This is from the Commissioners of Inland Revenue 1885 report:
"In order to check the quantities of worts produced it is assumed by law that 42 pounds weight of malt or corn of any description or 28 pounds weight of sugar, is the equivalent of a bushel of malt; and that every two bushels of malt, or their equivalent, produce 36 gallons of wort at a gravity of 1057 degrees."

Although the Gravity Book (supplied by the Excise) and the the Brewing Book (brewer's journal) are different documents, they are both legal requirements. The Brewing Book had to follow the "Prescribed Form".

The Gravity Book had just one column (box) for total grist (and another for sugar by weight), transcribed from the totals in the Brewing Book. This would have had to have been 336lb quarters for the grain otherwise it would have been meaningless.

It seems certain that the "prescribed form" for the Brewing Book would have expected 336lb quarters too. As the Excise did their calculations using 336lb quarters, it would be pointless for anything else to be permitted in the book.

Of course, in 1943, no brewer of any size or standing is going to rely on anything as approximate as a volumetric quarter measure. The grist would have been weighed. Sugar was always weighed.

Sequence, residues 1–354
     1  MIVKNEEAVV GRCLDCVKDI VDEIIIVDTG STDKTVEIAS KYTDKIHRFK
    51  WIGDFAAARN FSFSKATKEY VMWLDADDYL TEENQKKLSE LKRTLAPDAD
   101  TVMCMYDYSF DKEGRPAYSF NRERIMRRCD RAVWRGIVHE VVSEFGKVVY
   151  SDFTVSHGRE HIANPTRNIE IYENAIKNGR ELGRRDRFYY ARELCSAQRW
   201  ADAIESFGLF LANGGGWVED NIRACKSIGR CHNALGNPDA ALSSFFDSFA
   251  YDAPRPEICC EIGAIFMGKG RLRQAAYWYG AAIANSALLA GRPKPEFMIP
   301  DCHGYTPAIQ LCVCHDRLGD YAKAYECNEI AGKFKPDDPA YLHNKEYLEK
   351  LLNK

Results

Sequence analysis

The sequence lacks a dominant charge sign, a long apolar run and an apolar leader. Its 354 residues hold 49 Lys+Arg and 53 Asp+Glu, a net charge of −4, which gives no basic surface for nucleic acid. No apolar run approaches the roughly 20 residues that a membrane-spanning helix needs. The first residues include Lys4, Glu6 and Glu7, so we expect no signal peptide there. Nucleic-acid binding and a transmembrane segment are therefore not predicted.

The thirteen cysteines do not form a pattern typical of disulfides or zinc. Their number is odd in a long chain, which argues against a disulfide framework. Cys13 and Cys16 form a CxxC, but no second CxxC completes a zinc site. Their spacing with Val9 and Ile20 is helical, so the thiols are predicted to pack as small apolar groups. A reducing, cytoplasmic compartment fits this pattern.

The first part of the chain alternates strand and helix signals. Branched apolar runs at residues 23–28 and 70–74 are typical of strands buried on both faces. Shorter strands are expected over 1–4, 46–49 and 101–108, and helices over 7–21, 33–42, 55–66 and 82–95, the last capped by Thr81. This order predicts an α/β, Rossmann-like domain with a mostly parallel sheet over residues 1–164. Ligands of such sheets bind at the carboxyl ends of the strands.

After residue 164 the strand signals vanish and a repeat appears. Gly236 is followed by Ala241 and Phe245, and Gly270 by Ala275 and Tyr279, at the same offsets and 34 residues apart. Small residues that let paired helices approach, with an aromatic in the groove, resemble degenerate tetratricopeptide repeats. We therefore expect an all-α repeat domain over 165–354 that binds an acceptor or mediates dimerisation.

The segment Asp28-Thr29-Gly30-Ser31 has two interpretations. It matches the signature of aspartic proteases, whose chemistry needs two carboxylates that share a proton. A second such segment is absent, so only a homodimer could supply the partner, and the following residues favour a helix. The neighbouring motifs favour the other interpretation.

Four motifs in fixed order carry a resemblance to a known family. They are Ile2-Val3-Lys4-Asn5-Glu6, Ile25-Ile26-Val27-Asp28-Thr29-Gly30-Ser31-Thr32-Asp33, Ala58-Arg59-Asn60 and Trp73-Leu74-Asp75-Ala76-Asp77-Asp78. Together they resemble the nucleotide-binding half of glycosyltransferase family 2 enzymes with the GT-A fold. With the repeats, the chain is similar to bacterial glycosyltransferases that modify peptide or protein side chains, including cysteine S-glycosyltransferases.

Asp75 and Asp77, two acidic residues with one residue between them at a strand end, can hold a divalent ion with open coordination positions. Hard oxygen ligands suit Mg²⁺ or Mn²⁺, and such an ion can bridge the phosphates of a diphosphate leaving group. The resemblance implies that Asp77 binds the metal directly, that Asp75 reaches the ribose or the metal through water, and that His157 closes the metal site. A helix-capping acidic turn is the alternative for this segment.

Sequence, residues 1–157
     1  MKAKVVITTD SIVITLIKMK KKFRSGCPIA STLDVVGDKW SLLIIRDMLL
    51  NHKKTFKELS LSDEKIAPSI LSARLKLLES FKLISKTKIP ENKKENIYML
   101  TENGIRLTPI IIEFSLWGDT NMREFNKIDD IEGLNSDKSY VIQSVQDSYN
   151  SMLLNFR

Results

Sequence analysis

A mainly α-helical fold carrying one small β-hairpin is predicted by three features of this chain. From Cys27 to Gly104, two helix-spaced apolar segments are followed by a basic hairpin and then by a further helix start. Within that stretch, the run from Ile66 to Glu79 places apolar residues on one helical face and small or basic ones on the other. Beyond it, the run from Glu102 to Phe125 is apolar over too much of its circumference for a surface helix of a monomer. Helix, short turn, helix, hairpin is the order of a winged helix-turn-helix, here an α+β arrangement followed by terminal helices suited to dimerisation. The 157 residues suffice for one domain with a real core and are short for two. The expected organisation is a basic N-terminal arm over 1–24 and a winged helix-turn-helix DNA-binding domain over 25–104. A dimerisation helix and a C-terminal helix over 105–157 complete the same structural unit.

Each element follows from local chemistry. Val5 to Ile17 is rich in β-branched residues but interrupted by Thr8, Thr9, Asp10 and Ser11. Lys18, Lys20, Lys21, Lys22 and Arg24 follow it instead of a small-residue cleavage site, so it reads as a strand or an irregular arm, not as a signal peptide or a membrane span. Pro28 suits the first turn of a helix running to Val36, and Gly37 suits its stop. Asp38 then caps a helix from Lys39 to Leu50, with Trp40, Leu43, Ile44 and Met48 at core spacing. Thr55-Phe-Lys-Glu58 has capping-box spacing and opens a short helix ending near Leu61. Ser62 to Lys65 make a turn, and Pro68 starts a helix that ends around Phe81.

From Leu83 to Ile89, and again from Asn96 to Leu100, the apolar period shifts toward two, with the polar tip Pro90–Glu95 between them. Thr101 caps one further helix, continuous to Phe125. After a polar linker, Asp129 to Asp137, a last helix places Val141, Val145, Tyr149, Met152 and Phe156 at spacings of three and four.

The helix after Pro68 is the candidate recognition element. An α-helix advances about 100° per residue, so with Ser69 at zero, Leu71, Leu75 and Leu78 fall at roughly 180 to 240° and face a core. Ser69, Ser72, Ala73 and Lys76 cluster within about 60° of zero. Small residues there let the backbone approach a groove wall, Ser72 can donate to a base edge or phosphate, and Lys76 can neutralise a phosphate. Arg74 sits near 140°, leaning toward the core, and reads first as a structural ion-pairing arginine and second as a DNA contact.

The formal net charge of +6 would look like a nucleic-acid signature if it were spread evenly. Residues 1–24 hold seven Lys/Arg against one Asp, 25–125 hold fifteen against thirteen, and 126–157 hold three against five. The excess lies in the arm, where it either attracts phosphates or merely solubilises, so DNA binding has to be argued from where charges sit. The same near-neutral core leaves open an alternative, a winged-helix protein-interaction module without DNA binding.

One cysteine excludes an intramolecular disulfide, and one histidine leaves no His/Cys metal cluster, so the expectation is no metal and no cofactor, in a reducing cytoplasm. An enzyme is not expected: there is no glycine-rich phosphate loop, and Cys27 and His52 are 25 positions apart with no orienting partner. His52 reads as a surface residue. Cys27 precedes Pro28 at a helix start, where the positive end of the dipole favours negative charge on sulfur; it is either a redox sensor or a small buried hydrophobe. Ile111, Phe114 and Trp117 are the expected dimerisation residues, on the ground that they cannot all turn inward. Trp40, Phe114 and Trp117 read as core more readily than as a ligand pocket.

It would be nice to see something that describes the "prescribed form". All would be made clear then.

There must have been some sort of Excise indulgence for flaked oats in those quantities because of their poor extract. You can see why, so called, Oatmeal Stouts had about a pound of oats in a 50 quarter mash.

I wonder what the stuff in red was all about.

Ron Pattinson said...

Graham, some of the brewing record give the weights of the different malts. That's what my numbers are based on. You can't really argue with that.

Oblivious said...

Ron where any of them using malted Oats of was it all unmalted?

Ron Pattinson said...

Oblivious, good question. It's not always easy to tell.

Whitbread's Porters and Stouts contained oats all through the 1920's and 1930's. But on the logs all it says is "Oats". I've absolutely no idea what form they were in.

Graham Wheeler said...

Malted oats were rarely used (although not unheard of) because oats are difficult to malt and malting losses are high. Oats have a poor extract as it is.

Those breweries that used oats (outside of the war) only used them in token amounts, usually less than 1% of the grist, if they produced an oatmeal stout. This was to meet food standard / patent medicine legislation of the day (any, so called, food stout had to meet certain legislation). Such a small amount of oats achieved nothing.